Mediation of sharing behavior
In our world- a world in which there are no few situations of alienation, of individualism which is, at times, extreme, the ability to share experiences with our fellow man and to participate in his experiences is most desirable.
In the big cities, two hundred people can live in the same building and not know one another, nor greet one another when they meet by chance. The primary need of a human being to share with his fellow man is continually decreasing. People prefer to reduce the areas of friction?? between them, for better or worse.
The mediated interaction of a behavior of sharing is designed to restore to us, as human beings, the readiness and ability to make contact to arrive at a meeting with our fellow man, and to increase in us the ability to "rub shoulders" with him, to adjust ourselves to him, and to create harmony between our steps and his.
There are cultures in which the cognitive, emotional and even the magic participation with our fellow man represents a central need for a person. I still recall the embarrassment I felt years ago when I was given the unpleasant task of reporting to the parents of a young girl her inappropriate behavior:
The mother wept aloud and invited all the neighbors to come and hear how miserable she was The news spread rapidly, women and children entered crying and mourning, while the mother repeated the description of the shame and pain which the daughter had visited on the family. Instead of hiding her shame, the mother turned it public knowledge??. In similar fashion, many children made public in the boarding school the extremely unpleasant news that had reached them in letters they had received from home, as if the only way for them to experience the reality ©fihe letter was to increase its significance by sharing it with others.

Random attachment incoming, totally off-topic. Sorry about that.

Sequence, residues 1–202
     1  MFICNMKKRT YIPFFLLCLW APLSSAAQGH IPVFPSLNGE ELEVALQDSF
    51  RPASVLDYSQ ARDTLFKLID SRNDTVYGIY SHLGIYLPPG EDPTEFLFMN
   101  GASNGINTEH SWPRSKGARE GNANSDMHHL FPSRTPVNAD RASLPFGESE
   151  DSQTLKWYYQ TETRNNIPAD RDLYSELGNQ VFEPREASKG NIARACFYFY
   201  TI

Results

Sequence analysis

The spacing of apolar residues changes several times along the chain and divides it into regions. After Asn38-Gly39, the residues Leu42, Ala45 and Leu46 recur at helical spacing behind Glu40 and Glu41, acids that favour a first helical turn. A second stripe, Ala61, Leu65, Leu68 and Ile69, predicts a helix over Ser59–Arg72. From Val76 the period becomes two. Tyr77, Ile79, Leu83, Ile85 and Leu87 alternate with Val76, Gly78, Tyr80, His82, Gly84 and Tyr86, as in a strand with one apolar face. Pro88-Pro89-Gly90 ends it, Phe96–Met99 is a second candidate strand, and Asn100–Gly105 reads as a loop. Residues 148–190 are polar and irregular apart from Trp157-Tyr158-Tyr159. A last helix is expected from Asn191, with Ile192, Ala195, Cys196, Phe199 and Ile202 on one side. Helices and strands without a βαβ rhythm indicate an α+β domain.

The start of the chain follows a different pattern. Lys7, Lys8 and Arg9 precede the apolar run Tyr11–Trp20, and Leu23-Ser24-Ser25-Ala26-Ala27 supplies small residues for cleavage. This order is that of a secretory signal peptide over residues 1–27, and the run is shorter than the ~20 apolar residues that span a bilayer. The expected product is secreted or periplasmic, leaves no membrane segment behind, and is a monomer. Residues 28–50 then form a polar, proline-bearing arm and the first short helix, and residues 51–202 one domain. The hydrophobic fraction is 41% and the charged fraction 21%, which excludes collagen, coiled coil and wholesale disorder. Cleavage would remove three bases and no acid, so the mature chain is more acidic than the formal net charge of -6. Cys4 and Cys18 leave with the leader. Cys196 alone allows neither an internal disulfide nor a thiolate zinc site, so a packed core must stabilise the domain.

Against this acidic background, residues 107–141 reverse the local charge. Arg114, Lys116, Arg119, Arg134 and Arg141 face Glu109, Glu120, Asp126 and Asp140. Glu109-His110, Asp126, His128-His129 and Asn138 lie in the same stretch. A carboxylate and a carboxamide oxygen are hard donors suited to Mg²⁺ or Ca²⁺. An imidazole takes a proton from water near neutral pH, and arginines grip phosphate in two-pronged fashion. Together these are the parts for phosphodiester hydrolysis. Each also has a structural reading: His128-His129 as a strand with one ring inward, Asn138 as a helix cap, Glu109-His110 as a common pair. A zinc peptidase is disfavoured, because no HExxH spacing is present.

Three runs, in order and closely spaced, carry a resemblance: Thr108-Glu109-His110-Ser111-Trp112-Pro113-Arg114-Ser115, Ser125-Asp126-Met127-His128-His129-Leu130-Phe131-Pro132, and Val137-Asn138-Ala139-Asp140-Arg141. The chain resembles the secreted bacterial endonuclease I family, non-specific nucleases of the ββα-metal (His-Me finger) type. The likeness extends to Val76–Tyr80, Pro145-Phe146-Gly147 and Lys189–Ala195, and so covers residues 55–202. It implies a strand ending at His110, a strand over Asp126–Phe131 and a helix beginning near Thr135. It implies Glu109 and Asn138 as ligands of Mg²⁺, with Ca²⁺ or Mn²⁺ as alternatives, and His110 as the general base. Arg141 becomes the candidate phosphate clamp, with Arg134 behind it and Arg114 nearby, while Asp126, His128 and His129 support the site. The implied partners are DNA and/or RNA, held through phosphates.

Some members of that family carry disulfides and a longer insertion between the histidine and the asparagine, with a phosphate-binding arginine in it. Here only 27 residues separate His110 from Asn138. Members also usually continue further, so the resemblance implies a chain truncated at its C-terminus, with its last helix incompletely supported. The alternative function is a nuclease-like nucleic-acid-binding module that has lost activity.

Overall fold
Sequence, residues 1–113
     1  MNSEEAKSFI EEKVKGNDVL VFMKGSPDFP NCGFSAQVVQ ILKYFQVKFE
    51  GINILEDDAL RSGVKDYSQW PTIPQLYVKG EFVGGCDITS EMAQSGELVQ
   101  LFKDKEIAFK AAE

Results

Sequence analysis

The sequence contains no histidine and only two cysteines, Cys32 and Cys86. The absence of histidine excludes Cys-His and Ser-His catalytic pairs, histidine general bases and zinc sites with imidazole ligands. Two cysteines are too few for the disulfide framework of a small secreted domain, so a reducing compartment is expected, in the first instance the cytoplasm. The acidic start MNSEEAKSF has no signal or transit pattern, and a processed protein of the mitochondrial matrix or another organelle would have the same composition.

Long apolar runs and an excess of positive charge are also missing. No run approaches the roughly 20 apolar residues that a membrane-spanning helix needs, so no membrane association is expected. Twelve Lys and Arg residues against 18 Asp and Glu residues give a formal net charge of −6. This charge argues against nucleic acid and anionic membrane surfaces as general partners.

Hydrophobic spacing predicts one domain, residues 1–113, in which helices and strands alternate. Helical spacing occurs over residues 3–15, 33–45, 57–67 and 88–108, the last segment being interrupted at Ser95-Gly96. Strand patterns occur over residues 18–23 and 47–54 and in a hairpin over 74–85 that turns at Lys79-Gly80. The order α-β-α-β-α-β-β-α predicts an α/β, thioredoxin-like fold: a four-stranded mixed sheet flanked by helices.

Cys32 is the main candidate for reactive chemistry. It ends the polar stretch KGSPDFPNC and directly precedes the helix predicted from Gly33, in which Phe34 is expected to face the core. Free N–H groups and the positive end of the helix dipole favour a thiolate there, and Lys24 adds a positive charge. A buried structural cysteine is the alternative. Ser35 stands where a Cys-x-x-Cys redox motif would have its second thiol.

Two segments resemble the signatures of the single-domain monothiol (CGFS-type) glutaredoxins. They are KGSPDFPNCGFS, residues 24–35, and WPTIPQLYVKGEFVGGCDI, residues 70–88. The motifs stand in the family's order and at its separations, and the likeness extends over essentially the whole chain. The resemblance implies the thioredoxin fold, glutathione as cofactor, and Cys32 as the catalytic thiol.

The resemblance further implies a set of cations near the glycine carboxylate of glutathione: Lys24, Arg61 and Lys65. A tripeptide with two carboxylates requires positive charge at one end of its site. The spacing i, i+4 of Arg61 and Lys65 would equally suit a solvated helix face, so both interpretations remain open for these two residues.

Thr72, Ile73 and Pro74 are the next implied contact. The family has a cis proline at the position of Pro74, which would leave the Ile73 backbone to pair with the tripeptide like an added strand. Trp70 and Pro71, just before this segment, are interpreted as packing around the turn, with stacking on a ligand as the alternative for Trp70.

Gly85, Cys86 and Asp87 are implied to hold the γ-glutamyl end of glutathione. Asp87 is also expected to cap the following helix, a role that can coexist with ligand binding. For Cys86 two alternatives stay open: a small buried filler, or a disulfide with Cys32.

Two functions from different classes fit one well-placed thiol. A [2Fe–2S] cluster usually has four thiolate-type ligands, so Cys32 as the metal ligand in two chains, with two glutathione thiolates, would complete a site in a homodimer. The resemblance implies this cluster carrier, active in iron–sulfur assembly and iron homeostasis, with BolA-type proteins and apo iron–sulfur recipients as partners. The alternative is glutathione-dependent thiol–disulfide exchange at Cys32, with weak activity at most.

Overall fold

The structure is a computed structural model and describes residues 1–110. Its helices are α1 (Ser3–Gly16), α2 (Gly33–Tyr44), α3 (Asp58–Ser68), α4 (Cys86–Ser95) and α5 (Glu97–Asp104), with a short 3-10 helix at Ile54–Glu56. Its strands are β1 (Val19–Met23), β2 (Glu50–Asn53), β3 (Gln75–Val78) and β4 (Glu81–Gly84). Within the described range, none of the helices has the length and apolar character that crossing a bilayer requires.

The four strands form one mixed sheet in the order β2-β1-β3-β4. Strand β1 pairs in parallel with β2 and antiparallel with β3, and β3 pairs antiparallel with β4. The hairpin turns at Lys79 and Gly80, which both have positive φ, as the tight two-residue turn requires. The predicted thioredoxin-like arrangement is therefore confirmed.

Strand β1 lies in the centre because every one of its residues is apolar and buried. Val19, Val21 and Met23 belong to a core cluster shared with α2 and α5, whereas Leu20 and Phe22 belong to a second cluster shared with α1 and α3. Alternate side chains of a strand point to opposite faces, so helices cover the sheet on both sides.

Other cultures attach importance precisely to secrecy, to the right of a person to absolute privacy. Sometimes the need for privacy attains such proportions that a person is not supposed to appear before another person whilst he is eating his meal. Ent despite the inter-cultural differences, the human being expresses a sharing behavior already at a very early stage of his life. Children tend to point to everything that they see, as if seeking to share with the other in the experience they have undergone. At later stages, other manifestations of emotion, such as crying or laughter, constitute a way for the T" to impose himself on his fellow, in an effort to cause him to participate in his emotions.
In our day, the need and readiness to share with our fellow man our experiences and to participate in his experiences is an adaptational?? necessity. In the social conditions in which a person is liable to find himself, the educational value of the mediation of sharing with the fellow man is not confined to the emotional aspect, but there is in it with what to enrich a person's treasury of mental-cognitive behaviors. One of the outstanding examples of this is the artistic person whose spiritual poverty derives from his being unable to share with his fellow man and to participate with him